The Office 2010 Team on Understanding 64-Bit Office

image The Office 2010 team has posted comprehensive information regarding the 64-Bit release of Office, including details on who should install Office 2010 x64:

“If you’re trying to decide between 32-bit and 64-bit Office, you should ask yourself what your needs are. Are you an Excel power user working with huge amounts of data? Do you need to work with file sizes greater than 2 GB? If so, then you would benefit from 64-bit Office being able to utilize more memory. If not, we’re recommending 32-bit Office 2010 as the default installation on both 32-bit and 64-bit Windows mainly due to compatibility with existing 32-bit controls, add-ins, and VBA.”

Additional detail:

“Both 32-bit and 64-bit versions of Office are largely indistinguishable, except that 64-bit Office has a much higher memory capacity. As mentioned above, the extra memory capacity comes at the cost of some compatibility with existing extensions to Office, such as 32-bit versions of ActiveX Controls and some 3rd party add-ins, in addition to 32-bit versions of programs that interface directly with Office. New versions of these extensions will need to be obtained, and it will take some time for 64-bit compatible extensions to be made available.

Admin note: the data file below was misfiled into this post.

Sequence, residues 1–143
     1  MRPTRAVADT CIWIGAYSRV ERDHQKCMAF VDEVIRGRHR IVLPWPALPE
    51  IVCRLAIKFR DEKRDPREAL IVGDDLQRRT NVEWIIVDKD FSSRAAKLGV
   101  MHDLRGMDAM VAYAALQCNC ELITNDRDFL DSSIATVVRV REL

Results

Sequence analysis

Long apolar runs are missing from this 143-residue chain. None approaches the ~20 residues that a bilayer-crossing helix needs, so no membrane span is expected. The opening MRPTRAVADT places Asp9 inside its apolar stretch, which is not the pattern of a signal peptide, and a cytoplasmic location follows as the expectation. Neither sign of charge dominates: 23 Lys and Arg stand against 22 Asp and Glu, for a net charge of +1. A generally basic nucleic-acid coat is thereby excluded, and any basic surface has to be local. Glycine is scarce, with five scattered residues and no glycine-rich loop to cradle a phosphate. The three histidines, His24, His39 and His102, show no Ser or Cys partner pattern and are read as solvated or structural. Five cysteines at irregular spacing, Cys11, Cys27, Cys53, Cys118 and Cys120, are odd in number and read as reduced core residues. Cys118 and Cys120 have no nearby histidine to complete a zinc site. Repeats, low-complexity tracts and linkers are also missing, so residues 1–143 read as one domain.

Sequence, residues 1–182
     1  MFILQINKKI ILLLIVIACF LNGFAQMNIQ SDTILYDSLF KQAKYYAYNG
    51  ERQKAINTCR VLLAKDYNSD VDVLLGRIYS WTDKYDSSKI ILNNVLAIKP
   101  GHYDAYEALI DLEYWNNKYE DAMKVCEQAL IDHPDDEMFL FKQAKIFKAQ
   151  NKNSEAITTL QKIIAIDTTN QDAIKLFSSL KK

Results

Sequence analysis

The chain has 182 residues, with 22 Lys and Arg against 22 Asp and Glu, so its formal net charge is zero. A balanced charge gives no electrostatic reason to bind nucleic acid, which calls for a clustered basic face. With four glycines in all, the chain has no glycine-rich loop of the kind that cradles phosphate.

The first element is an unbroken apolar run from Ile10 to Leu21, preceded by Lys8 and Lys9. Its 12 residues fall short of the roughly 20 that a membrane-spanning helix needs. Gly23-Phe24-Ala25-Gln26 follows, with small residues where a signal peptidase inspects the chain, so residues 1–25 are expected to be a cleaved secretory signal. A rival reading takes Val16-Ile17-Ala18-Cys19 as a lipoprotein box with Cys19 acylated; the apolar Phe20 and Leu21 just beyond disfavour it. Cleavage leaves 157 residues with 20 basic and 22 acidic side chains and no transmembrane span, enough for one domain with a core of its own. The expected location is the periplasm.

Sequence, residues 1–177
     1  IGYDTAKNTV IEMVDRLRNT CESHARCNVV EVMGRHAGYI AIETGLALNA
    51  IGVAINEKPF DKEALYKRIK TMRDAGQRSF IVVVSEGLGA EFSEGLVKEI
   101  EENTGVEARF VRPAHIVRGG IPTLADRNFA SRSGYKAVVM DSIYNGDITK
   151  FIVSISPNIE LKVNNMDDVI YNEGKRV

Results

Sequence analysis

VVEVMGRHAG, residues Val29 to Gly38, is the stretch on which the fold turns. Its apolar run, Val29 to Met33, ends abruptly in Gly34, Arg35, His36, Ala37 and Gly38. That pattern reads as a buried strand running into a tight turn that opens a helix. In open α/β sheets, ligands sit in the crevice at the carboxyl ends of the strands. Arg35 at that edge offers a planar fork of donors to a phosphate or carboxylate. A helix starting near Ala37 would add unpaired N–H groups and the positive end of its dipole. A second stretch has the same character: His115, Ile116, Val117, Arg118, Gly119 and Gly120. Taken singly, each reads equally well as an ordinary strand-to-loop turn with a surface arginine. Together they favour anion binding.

For these reasons, we recommend running 32-bit Office 2010 even on 64-bit Windows operating systems for better compatibility. On 64-bit Windows, more applications and documents may be opened at once, and switching among them will be faster because the machine can have more physical memory for the processes to share. When the 64-bit ecosystem for Office is more mature, you’ll be able to easily migrate to 64-bit Office!”

In the near term, if you want to run ClearContext in Outlook 2010, you should install the 32-bit version of Office 2010.  For information on future ClearContext support for 2010 x64, see this forum post.

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